You think just because the ucas code is the same [degree is the same] that the structure and exam papers are the same...lol .. no... Universities make their own exam papers for their students, the course is taught different at different universities hence the different course structures and content.

    Part of the reason AAA is required for LSE discarding the fact its more competitive at LSE as this is one of the best places in the world to do straight economics, is that the course is harder.

    Seeing as you haven't even read up on UoL and you are just making up rubbish just because you think it's logically, i suggest you do some research and come back apologise to those people you said are dumb [including myself lol] because the only dumb person here is you.
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    (Original post by anabelle)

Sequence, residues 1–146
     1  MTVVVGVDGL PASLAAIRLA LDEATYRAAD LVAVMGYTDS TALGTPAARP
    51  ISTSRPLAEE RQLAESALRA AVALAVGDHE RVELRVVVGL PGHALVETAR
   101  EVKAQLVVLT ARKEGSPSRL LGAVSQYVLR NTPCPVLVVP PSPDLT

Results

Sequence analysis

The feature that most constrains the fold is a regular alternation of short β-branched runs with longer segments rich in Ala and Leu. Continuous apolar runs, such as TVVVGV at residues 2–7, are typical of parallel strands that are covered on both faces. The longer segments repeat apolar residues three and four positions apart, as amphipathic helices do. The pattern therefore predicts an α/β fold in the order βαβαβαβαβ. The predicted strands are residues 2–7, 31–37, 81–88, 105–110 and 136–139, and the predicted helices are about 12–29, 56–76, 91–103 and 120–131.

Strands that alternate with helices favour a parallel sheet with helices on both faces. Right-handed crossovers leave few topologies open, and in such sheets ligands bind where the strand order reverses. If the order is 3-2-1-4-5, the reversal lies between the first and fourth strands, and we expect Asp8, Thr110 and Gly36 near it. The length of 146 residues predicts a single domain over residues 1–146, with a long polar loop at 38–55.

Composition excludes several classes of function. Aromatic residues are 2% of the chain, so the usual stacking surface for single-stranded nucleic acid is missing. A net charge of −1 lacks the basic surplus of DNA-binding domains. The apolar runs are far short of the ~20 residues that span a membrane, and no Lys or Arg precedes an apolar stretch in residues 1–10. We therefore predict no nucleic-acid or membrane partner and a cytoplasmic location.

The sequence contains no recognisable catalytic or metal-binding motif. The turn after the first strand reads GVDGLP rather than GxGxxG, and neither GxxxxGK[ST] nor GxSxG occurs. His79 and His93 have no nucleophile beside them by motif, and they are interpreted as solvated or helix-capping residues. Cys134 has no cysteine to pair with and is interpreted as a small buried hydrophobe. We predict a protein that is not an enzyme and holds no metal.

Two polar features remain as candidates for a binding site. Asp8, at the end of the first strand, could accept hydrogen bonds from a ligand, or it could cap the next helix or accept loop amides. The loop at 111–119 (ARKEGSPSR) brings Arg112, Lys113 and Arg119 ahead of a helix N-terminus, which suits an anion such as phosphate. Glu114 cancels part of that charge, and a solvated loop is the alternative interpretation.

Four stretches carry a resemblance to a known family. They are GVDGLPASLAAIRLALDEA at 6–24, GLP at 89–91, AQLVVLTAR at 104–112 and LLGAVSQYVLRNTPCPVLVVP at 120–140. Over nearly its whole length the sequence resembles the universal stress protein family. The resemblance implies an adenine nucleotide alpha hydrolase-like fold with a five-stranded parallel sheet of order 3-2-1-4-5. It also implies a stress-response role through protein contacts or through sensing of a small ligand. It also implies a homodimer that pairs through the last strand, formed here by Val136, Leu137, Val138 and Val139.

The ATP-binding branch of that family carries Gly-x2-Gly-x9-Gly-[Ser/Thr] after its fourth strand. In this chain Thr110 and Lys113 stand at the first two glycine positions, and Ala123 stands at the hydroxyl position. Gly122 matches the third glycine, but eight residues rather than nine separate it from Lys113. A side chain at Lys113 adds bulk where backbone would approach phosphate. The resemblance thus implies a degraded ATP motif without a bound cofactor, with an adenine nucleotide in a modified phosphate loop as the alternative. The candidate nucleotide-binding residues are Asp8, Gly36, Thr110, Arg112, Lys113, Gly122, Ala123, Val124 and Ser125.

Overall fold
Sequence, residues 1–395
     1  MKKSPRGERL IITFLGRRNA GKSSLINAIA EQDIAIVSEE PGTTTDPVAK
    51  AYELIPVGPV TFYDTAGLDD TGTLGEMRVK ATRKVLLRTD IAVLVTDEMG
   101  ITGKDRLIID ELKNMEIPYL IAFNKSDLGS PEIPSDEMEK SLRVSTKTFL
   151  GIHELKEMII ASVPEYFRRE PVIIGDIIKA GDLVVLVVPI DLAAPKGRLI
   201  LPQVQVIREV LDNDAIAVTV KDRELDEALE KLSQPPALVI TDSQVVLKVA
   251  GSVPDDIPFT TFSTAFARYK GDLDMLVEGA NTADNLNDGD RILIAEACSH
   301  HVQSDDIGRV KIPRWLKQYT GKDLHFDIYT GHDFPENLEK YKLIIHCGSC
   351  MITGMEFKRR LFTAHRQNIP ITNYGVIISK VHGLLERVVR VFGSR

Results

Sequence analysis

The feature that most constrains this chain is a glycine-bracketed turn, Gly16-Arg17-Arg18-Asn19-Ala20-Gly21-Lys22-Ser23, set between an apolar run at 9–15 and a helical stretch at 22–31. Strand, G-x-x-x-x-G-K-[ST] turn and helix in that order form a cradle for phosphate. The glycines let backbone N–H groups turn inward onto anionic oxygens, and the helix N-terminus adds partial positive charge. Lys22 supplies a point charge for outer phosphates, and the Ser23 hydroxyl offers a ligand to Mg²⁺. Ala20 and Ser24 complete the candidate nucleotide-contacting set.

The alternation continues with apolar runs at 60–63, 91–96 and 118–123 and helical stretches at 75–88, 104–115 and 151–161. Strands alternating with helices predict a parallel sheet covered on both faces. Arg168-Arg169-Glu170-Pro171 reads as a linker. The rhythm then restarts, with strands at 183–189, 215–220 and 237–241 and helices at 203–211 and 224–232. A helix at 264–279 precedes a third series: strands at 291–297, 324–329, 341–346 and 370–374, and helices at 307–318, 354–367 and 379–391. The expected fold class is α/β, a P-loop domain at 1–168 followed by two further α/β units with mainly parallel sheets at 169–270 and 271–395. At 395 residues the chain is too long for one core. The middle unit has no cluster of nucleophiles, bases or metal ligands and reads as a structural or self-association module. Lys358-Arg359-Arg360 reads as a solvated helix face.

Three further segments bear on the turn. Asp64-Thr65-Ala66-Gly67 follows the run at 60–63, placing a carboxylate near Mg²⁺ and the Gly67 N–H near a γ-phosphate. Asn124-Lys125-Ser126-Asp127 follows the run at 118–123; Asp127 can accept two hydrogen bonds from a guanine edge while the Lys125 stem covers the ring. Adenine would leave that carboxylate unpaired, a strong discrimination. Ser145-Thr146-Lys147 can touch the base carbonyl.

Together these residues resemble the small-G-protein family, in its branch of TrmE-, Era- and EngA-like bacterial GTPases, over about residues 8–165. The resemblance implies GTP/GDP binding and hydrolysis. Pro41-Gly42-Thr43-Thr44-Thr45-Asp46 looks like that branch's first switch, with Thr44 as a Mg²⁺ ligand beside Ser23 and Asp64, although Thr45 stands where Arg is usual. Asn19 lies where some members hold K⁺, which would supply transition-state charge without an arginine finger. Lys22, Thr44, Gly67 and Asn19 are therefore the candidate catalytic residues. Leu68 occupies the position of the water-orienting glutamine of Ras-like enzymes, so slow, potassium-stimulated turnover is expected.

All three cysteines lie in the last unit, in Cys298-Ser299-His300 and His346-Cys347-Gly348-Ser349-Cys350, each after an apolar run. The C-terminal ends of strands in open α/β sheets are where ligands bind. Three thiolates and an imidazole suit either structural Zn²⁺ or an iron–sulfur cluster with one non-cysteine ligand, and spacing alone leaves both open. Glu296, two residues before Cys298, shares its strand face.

Are A levels so important to employers? It sounds interesteting that something you did in high school has relevance once you've finished university. It may have to do wuth yur degrees having a 3 year duration...
    (i'm not british)
    Yes, it is very common to find top employers asking for at least 24 UCAS points at the A levels, as well as at least a 2:1. If you don't meet this academic requirement, it is very unlikely that you will get an interview, though not impossible.
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    (Original post by JustaGuy)
    Yes, it is very common to find top employers asking for at least 24 UCAS points at the A levels, as well as at least a 2:1. If you don't meet this academic requirement, it is very unlikely that you will get an interview, though not impossible.
    24 UCAS points? What decade are you living in? :rolleyes:
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    (Original post by Beekeeper)
    24 UCAS points? What decade are you living in? :rolleyes:
    err, living the decade of employers?